Making video trailers is my favorite part of book marketing. I use Final Cut on my Mac and I edit like crazy to make sure the pace, images, and music all work well together. I became even more disciplined with cutting extraneous material because Twitter only allows 30-second videos. Take a look here and let me know what you think: https://www.youtube.com/watch?v=Y3UXGkBVPV0
What’s your opinion on giving your book away to sell other copies of your book?
I think it’s a tactic that’s better suited to self-published books. Publishers make a big investment when they sign an author and hope to receive a return on their commitment of time, resources and money. Having said that, I do believe in raffle-style giveaways of the sort that Goodreads offers and have participated in several for my books. The exception to all this, of course, is books that are part of a series. If the reader likes the free book, they’ll likely buy additional titles in the series.
What are three of the most important things you believe an author should do after their book is released?
First, stay with it. Bringing a book to life is akin to having a baby – and similarly is sometimes accompanied by post-partum depression. On publication day and the weeks immediately after, sales and promotional opportunities are all you can think about. For any author who’s not a household name, initial sales tend to be low – probably lower than expected – and it’s easy to become disheartened. In addition, marketing takes a ton of time – 25% to 50% of your day – and is virtually impossible to measure; so it’s another catalyst for disappointment. You simply have to believe in your work, believe it will find an audience, and stay with it.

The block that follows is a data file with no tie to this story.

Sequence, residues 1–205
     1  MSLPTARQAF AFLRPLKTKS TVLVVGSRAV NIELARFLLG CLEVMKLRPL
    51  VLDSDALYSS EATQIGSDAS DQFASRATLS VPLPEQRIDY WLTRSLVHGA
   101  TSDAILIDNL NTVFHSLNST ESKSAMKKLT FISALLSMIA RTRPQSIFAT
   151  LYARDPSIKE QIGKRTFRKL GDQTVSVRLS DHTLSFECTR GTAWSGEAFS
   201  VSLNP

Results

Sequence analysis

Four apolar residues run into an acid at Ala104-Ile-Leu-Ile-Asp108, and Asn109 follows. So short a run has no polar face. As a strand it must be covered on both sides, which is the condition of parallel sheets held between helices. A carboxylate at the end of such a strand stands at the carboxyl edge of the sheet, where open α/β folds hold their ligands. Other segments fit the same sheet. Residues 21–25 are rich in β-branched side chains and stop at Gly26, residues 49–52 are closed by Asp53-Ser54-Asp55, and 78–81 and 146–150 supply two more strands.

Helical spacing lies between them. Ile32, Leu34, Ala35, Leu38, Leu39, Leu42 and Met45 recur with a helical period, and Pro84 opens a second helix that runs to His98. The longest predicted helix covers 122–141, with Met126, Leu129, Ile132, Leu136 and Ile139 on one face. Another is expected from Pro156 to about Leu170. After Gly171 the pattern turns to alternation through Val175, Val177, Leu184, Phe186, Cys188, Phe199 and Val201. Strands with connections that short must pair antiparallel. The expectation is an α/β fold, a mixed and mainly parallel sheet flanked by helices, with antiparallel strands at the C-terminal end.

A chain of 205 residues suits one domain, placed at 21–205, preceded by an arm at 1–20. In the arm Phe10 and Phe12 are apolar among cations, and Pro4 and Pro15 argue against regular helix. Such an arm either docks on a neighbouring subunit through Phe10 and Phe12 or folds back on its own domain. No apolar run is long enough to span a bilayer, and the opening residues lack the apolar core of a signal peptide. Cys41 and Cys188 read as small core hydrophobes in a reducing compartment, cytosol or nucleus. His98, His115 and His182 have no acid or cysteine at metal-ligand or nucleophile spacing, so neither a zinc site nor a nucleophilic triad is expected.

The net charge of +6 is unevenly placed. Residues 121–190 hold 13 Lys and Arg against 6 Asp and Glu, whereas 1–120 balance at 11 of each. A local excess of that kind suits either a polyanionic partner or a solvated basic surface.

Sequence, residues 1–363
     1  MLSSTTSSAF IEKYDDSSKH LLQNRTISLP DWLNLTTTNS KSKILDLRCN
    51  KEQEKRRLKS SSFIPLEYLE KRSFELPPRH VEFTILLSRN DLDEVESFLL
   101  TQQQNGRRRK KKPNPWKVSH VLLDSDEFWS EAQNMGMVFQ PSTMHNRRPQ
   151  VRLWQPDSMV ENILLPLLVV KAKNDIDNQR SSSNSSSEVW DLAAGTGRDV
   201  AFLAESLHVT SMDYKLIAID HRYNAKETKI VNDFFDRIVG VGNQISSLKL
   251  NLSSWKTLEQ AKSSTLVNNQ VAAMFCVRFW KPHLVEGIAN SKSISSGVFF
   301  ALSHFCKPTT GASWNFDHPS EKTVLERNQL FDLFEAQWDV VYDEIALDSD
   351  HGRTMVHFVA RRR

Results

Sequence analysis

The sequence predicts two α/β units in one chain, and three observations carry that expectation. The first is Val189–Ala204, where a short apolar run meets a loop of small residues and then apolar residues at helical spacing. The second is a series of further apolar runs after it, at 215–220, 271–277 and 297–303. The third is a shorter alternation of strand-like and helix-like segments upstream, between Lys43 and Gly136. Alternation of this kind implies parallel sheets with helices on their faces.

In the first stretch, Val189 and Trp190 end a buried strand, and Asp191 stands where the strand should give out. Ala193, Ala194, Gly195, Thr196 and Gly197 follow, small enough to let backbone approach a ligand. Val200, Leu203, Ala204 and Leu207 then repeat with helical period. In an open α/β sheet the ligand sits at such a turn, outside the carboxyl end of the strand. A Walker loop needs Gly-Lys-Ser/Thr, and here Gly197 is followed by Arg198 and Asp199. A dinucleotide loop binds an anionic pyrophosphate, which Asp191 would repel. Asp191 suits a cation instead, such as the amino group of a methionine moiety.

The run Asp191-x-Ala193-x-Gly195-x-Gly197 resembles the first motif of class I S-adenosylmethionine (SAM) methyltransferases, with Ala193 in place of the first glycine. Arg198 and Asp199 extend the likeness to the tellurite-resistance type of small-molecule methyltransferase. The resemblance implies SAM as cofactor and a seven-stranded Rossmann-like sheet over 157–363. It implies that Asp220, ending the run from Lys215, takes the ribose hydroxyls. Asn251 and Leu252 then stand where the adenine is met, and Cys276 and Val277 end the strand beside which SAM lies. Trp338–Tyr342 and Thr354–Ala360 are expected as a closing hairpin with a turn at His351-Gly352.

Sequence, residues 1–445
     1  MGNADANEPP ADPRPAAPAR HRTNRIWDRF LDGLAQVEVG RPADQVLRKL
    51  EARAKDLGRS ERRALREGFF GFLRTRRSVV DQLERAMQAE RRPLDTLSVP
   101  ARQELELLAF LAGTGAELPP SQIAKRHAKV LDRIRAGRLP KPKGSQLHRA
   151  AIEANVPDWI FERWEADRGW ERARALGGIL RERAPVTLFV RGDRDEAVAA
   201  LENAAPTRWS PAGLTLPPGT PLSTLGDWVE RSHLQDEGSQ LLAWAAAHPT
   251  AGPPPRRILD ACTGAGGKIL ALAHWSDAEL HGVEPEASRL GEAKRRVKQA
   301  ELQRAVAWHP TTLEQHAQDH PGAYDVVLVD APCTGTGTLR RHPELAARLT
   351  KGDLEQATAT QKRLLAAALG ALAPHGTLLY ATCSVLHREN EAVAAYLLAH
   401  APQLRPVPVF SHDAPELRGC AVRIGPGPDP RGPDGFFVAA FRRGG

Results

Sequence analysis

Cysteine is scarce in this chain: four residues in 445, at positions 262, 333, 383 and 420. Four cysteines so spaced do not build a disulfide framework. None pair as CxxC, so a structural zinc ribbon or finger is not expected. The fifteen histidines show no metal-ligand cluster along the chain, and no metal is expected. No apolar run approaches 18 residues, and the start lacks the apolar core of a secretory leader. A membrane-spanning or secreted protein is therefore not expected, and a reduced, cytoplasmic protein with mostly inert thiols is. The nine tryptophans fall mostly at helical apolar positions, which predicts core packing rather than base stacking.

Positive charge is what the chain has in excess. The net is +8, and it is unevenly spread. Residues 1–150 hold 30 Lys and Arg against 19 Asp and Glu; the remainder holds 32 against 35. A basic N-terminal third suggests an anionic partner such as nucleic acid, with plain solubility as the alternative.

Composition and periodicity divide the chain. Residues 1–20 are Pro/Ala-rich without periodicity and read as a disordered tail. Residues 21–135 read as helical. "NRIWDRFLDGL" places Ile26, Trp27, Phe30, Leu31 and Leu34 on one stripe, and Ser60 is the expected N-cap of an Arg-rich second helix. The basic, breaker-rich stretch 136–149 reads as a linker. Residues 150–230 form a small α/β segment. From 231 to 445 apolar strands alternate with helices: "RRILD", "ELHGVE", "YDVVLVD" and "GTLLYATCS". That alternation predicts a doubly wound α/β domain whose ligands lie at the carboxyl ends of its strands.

Second, write something else. The best way to boost sales and visibility of Book ABC is to publish Book XYZ. In addition to helping sales of the first book, writing another keeps your head in the game. Keeps reminding you that writing is what you do and what you’ll always do.
Third, sit back and enjoy the moment. Writing a book is a big accomplishment. Everyone thinks they have a book in them, but very few make the commitment to go through with it. I’m a believer in celebrating the big and little things in life. Too many people focus solely on the past or the future and miss the opportunity to savor the present.
What kind of pre-promotion did you do before the book came out?
I added the book to my website, Facebook author page, and Twitter account masthead as soon as the cover was finalized. I created a short “teaser” video trailer that I promoted on all three of those platforms. I signed up for this tour with “Pump Up Your Book,” added the book to Readers Alley to encourage reviews, and created a Goodreads giveaway that ended one week after the publication date.
Do you have a long-term plan with your book?
In my mind, this book is destined to be a movie. It has all the characteristics of a big-screen hit – humor, sex, and suspense. So my plan is to keep promoting it as a book, trying to boost sales and visibility, and either write a screenplay myself or pitch it as a film adaptation.
What would you like to say to your readers and fans about your book?
Writers write in order to be read – not to garner fame or riches – but simply to be read. Going Both Ways was a true labor of love for me and I want it to be read by as wide an audience as possible. I believe it’s a book that will make readers laugh out loud while also delivering eye-opening insights. I always encourage fans to spread the word and to contact me via any of the social media platforms to share their thoughts and ask questions.